I've always wanted to have all my soldering gear in one place and not scattered around. So I've constructed a simple wooden box for the job. The box also has one removable spring on its lid, to place the soldering iron thus allowing it to cool.
Step 1: Materials and Tools
For this instructable I used :
- some scrap wood
- several iron nails 3 cm long
- a hammer
- measuring tape
- some wood screws
- Phillips screwdriver
- tin snips
- some scrap sheet metal
- wood glue
- a paint brush to apply the glue
- an awl to create pilot holes
- wood working clamps
- hand drill with 5mm drill bit
- a salvaged spring from a washing machine
- a hand sander
- two metallic hinges.
Step 2: Prepare the Wood
The initial dimensions of the scrap wood dictated the project's measurements.
After removing the embedded nails I ended with 4 planks of wood (40x12x1 cm approximately).
These planks would serve as bottom, front and back walls and top lid.
For the right and left caps I used some more of this wood.
All the pieces were hand sanded to improve their texture.
Step 3: Metallic Corners
I had in my inventory a metallic chassis of a broken computer PSU.
I re-purposed it with my tin snips and created 2 metallic corners out of it.
I mimicked the shape of the two factory-made metallic corners I already had.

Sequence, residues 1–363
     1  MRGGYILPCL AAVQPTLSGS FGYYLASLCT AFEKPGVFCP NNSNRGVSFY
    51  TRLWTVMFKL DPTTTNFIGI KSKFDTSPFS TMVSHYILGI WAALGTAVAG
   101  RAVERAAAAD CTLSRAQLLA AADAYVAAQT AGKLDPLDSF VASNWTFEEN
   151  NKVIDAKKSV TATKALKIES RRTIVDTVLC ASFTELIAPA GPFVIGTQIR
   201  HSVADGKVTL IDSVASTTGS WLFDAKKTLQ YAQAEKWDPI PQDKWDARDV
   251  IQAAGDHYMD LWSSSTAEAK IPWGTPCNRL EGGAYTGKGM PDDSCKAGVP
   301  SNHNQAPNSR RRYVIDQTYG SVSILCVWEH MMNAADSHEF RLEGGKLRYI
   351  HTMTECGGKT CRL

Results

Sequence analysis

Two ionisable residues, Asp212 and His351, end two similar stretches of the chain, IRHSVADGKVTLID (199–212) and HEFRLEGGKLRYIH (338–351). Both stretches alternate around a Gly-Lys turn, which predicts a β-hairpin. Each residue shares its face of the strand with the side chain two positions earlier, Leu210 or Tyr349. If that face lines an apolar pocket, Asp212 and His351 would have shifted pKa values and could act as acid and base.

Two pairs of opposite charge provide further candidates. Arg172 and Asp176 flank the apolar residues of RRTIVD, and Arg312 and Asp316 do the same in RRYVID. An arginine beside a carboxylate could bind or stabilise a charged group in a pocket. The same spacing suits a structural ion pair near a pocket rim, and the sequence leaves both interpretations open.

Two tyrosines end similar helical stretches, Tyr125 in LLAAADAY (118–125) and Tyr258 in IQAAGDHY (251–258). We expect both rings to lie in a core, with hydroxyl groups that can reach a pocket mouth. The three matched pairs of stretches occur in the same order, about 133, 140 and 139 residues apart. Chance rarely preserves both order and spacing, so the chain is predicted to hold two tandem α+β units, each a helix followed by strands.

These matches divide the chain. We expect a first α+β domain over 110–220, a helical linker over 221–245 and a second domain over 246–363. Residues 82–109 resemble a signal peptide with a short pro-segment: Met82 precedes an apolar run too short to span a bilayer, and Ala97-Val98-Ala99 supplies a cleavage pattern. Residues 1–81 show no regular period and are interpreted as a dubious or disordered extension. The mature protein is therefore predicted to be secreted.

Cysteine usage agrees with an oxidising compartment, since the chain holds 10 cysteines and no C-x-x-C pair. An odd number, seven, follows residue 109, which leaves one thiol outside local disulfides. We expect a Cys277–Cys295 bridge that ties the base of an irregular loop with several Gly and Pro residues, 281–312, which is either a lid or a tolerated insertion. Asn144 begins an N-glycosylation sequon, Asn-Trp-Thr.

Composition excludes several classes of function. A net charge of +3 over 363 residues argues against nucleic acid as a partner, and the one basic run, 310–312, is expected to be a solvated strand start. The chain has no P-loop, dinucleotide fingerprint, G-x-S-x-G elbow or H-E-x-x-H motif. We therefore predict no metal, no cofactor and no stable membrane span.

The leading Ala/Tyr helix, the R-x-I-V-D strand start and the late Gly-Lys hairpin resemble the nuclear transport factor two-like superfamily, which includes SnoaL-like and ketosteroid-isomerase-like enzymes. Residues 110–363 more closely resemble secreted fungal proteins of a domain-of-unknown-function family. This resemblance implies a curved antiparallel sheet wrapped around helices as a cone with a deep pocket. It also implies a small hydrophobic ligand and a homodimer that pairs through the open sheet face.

Using the hand drill I also created some holes to the metal.
Step 4: Box Assembly
I then begun assembling the box as shown in the pictures.
I used 4 metallic corners, 8 wood screws and the Phillips screwdriver.
Before screwing, I made some pilot holes using the awl at the corresponding places.
Step 5: Install the Hinges
After that, I installed the top lid using the metallic hinges and 12 more screws.
Step 6: Complete the Box
Using the hammer and several nails I further secured the edges of the box.
I also nailed the right and left wooden caps, thus completing the box.
Step 7: Prepare the Spring
It wouldn't be a proper soldering station without a spring like thing to hold the soldering iron.
I tried to bend a welding rod to create a spiral but the metal was not long enough.
So I used a salvaged spring from a washing machine instead.
It had the perfect shape for the occasion.
I only hammered its one end to shrink the loop so the screw would fit snugly.
Step 8: Detachable Mechanism for the Spring
I wanted this spring mechanism to be detachable to save space when the soldering station was not in use.
For this purpose I created a wooden sleeve so that the spring would slide in and out with ease.
See the pictures for more info. All the glued pieces were clamped and left overnight for the glue to set.
Step 9: Finished!
As you can see in the pictures the box fits all the soldering gear (although a little bigger box wouldn't hurt anyone!).
The part that I like the most, is the removable spring that can be stored inside the box as well.